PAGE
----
This incitement spike coincides with Abbas’ new diplomatic strategy unveiled during his UN speech. He is trying to force a vote in the UN Security Council that would impose a deadline for Israel’s withdrawal from the West Bank to the pre-1967 lines, regardless of whether or not the Palestinians agree to make peace.
Such a resolution – which Abbas recently agreed to delay introducing until January at the US’ request – would clearly contradict not only the Oslo Accords but the landmark 47-year-old Resolution 242 that calls for Israeli withdrawal from territories captured in its defensive 1967 war to “secure and recognised boundaries” in the context of a “just and lasting peace in the Middle East.”
The unilateral withdrawal Abbas is demanding would remove the idea of peace from the equation altogether. If implemented, it would at best create a grossly unstable and violent three state situation: A likely failed PLO state on the West Bank, Hamastan in Gaza and, in between, an increasingly threatened Israel – all mutually hostile.
With the impossible claim of a Palestinian “right of return” to Israel – which has become so central to Palestinian identity – very unlikely to be resolved, the respective Palestinian entities would almost certainly be a constant source of intermittent, open violence against Israel.
It is a recipe for many lives to be lost on both sides for generations.
It is extremely doubtful, of course, that the veto-empowered United States would forget why it has always supported Resolution 242 and agree to such a plan. Abbas’ latest threat therefore seems to be yet another in an endless string of delaying tactics he has employed over the years to avoid substantive negotiations requiring the difficult compromises necessary to sustainably end the conflict.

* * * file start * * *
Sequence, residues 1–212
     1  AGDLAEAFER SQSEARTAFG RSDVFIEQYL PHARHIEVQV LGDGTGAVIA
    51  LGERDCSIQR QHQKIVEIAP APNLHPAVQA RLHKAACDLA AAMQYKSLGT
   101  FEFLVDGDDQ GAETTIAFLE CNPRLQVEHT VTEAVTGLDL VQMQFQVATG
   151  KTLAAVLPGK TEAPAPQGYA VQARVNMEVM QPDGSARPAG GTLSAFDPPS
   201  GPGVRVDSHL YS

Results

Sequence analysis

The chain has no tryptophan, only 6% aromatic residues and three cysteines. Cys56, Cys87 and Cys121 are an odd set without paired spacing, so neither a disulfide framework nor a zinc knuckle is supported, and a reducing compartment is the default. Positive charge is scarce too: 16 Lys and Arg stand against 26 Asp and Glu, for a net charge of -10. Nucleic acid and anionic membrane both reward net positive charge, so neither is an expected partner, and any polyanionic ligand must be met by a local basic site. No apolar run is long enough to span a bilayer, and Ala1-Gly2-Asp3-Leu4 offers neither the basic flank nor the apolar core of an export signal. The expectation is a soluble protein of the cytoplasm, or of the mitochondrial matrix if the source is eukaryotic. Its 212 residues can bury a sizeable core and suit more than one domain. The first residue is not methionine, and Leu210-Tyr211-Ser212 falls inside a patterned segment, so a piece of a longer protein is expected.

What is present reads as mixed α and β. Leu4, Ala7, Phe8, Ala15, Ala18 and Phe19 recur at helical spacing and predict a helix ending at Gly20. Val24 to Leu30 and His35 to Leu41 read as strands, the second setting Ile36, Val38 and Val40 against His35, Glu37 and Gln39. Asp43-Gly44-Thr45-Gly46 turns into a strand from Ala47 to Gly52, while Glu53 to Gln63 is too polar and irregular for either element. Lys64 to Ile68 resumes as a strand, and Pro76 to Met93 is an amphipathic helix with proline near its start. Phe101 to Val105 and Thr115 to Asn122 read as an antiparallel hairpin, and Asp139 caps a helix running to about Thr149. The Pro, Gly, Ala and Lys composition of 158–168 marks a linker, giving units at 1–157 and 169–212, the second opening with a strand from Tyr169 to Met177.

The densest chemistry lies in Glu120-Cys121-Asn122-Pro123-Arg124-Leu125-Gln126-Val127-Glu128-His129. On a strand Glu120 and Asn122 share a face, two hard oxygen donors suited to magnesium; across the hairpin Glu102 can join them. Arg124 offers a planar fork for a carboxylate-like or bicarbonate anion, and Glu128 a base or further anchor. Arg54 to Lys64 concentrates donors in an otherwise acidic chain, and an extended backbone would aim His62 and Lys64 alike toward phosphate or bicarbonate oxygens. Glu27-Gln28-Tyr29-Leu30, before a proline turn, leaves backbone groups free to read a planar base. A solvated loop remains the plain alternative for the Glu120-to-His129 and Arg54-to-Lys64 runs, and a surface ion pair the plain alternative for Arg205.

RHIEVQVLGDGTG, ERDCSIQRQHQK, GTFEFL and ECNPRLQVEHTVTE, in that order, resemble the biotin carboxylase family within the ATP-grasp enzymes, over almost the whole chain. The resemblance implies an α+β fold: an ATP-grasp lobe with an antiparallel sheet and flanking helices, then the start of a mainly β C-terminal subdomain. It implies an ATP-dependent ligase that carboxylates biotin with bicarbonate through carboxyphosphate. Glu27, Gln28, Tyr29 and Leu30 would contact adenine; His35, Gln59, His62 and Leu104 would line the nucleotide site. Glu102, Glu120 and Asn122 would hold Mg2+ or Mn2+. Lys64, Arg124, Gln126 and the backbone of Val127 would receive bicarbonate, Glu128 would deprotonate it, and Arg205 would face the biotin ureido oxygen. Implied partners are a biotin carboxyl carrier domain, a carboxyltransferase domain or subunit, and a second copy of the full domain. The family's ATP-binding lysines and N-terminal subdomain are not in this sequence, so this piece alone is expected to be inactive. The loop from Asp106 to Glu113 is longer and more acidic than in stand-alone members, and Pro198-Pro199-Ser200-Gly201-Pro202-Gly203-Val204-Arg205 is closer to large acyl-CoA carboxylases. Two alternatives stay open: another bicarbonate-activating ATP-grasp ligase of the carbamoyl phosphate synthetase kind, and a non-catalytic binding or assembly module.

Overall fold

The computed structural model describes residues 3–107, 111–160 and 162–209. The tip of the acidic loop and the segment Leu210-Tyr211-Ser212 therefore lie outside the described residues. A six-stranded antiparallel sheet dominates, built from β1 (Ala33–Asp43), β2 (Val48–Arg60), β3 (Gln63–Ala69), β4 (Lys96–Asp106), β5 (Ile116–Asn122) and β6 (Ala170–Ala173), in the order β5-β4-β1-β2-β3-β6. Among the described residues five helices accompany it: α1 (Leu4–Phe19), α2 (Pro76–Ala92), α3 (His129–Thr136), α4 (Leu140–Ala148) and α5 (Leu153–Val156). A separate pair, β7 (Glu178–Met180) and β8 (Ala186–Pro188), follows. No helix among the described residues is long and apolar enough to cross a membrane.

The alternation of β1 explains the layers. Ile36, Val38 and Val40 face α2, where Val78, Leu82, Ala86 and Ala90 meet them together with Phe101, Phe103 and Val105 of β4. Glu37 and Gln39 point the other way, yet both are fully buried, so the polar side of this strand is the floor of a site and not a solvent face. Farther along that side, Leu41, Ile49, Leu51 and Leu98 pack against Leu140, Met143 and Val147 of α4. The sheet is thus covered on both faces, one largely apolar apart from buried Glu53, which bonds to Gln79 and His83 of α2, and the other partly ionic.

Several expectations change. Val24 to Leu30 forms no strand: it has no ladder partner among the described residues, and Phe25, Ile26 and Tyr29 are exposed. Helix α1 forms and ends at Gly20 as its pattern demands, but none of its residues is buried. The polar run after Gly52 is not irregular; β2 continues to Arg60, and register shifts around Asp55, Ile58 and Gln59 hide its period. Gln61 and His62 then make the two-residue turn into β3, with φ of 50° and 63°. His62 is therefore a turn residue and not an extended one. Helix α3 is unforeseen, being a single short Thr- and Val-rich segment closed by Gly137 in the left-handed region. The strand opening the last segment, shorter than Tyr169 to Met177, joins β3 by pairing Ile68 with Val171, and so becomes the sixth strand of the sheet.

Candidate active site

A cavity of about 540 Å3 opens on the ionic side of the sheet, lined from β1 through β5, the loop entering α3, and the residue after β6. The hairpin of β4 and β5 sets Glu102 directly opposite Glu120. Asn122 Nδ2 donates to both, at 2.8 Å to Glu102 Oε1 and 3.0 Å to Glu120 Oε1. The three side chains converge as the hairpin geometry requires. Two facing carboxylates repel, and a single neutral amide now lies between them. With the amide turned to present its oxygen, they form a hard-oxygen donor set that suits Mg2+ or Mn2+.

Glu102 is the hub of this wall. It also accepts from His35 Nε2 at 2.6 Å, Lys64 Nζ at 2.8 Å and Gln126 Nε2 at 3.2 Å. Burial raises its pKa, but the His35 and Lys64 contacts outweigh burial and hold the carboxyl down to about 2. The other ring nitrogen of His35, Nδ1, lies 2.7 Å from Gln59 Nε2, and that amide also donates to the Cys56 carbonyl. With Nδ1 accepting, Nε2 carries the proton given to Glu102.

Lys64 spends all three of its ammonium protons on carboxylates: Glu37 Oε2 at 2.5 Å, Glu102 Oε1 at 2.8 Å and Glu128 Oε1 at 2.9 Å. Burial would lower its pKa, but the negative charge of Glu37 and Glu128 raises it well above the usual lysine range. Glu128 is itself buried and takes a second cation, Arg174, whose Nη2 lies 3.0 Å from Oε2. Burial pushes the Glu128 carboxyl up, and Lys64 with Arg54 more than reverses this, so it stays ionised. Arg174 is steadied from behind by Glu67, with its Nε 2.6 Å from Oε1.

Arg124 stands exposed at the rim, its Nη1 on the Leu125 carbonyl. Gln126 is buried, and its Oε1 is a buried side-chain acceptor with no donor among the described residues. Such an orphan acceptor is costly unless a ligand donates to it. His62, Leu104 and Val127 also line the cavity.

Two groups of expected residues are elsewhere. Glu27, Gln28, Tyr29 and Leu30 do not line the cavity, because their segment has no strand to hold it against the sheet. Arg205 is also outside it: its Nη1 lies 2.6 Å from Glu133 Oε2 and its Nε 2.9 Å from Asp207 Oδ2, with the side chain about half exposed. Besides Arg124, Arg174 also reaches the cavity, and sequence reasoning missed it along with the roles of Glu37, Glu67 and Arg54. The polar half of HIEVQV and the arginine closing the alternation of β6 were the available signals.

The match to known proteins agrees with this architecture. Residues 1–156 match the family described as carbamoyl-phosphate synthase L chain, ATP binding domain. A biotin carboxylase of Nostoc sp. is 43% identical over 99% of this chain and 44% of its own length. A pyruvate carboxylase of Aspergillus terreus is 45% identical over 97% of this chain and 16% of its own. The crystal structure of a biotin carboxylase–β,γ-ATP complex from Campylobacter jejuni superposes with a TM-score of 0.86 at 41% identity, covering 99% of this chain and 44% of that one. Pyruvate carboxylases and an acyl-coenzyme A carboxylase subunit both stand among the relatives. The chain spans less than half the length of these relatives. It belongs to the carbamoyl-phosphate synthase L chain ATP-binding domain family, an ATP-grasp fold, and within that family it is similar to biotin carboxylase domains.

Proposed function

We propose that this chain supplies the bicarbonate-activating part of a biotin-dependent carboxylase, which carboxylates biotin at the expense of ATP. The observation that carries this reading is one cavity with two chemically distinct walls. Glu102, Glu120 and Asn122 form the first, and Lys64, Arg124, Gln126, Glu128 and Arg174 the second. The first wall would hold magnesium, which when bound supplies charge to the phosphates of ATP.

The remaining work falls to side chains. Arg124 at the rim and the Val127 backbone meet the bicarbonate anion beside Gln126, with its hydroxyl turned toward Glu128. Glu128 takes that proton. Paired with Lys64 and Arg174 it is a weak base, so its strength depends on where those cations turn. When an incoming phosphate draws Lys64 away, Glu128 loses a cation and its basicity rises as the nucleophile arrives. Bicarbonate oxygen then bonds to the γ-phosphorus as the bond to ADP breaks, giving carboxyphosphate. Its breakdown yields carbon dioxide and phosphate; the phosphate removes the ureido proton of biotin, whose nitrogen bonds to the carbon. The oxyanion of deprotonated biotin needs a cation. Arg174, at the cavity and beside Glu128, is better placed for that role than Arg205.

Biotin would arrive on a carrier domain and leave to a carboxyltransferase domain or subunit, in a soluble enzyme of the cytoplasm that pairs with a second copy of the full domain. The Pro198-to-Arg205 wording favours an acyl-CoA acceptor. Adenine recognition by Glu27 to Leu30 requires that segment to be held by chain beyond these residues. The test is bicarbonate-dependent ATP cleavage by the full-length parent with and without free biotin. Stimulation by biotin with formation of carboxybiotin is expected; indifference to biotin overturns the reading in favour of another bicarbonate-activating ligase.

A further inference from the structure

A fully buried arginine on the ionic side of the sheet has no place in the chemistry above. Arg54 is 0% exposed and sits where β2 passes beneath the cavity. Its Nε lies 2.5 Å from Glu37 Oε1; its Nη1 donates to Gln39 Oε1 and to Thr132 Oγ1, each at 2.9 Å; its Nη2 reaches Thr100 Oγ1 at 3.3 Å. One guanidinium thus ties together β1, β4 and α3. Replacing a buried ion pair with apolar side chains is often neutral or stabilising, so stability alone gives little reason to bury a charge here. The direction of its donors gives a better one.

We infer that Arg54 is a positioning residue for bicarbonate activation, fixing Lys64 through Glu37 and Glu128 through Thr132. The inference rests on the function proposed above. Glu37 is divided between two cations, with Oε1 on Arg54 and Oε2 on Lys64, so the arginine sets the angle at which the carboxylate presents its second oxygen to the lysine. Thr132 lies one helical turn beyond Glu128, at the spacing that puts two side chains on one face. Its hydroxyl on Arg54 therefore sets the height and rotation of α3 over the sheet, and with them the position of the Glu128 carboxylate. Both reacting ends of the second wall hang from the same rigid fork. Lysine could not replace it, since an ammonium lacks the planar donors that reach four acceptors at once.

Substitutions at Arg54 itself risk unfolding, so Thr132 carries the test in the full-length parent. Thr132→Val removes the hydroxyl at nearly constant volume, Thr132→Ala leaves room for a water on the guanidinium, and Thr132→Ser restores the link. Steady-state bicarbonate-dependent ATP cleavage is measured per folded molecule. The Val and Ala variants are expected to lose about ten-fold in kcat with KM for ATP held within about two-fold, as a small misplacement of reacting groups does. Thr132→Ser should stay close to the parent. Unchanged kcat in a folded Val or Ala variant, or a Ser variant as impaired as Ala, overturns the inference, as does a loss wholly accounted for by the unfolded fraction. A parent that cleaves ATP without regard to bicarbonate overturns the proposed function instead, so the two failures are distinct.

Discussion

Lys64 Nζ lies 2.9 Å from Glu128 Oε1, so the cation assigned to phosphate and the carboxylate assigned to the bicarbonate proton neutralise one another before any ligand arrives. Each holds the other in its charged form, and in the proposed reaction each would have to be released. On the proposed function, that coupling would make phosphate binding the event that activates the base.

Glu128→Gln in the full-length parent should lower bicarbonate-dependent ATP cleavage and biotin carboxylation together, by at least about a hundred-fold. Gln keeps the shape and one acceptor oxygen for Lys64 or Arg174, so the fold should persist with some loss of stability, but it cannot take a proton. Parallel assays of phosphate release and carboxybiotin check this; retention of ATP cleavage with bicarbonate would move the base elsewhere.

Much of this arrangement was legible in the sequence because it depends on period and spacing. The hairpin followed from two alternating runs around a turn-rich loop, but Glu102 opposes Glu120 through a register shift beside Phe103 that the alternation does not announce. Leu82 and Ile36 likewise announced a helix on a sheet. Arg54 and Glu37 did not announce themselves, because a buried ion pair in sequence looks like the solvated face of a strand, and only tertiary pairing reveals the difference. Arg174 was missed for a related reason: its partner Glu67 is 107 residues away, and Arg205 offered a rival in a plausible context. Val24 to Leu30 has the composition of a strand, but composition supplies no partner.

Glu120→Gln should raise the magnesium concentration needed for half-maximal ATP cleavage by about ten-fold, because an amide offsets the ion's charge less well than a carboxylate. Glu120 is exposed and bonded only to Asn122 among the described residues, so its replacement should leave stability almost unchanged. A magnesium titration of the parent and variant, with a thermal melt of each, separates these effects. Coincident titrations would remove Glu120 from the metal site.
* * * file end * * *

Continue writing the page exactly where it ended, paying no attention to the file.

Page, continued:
Whether any Palestinian leader could actually manage to sell peace in the short term to a Palestinian society that has been incited for decades to hate Israel and oppose any achievable peace agreement is a valid question. Yet the 79-year-old Abbas is now apparently either encouraging or allowing his official media to make this problem worse, thus sabotaging hopes his successors might achieve the two-state breakthrough both Israelis and Palestinians require.
Abbas has some definite achievements as Palestinian leader – including the renunciation of terror as a tactic and the institution of close security cooperation with Israel (though the latter has also been to Abbas’ benefit, protecting him from serious Hamas efforts to take over the West Bank). And there is no doubt he is currently under pressure because of the popularity of Hamas among Palestinians following the Gaza war.
Nonetheless, his current course appears to be the sheerest folly.
However, the Palestinian Authority is financially and diplomatically dependent on outside support. It is now incumbent upon international donors who want a genuine peace to either use their leverage to convince Abbas to turn aside from that course, or else seek ways to throw their support to different Palestinian leaders who can lead their people away from incitement and hatred and towards realistic compromise, mutual respect, and peace.